Model Selection on Solid Ground: Comparison of Techniques to Evaluate Bayesian Evidence

Monday, 15 December 2014: 11:20 AM
Wolfgang Nowak, University of Stuttgart, Stuttgart, Germany, Anneli Schöniger, University of Tübingen, Tübingen, Germany, Luis E Samaniego, Helmholtz Centre for Environmental Research UFZ Leipzig, Leipzig, Germany and Thomas Wöhling, University of Tübingen, Water & Earth System Science Competence Cluster (WESS), Tübingen, Germany
Bayesian model averaging (BMA) ranks and averages a set of plausible, competing models, based on their fit to available data and based on their model complexity. BMA requires determining Bayesian model evidence (BME), which is the likelihood of the observed data integrated over each model parameter space. The BME integral is highly challenging, because it is as high-dimensional as the number of model parameters. Three classes of techniques are available to evaluate BME, each with its own challenges and limitations:
  1. Exact analytical solutions are fast, but restricted by strong assumptions.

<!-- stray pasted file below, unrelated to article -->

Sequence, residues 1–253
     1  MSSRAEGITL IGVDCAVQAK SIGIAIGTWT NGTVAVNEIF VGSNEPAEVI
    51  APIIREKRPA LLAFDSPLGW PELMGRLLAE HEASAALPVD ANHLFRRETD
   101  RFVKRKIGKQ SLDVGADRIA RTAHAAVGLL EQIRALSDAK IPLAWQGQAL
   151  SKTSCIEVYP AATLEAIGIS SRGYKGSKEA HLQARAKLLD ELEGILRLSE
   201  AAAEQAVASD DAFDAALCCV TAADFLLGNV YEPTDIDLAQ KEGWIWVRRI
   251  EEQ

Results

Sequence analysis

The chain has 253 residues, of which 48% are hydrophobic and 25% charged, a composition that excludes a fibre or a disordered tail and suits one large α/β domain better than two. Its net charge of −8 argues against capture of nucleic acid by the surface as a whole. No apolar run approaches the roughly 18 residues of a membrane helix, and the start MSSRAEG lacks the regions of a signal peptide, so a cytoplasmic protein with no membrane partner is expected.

2. Brute-force numerical evaluation is accurate, but quickly becomes computationally unfeasible.
  3. Approximations known as information criteria (AIC, BIC, KIC) are known to yield contradicting results in model ranking.

We conduct a systematic comparison of available techniques to evaluate BME, including a list of numerical schemes. We highlight their common features and differences, and investigate their computational effort and accuracy. For the latter, we investigate the impact of (a) data set size and (b) overlap between the prior and the likelihood. We use a synthetic example with an exact analytical solution (as a first-time validation against a true solution), and a real-world hydrological application, where we use a brute-force Monte-Carlo method as benchmark solution.

Our results show that all IC differ drastically in their quality of approximation. From all IC, the KIC evaluated at the MAP performs best, but in general none of them is satisfying for non-linear model problems. Since they share the goodness-of-fit term, the observed differences imply an inaccurate penalty for model complexity. Our findings indicate that the choice of approximation method substantially influences the accuracy of the BME estimate and, consequently, the final model ranking and BMA results.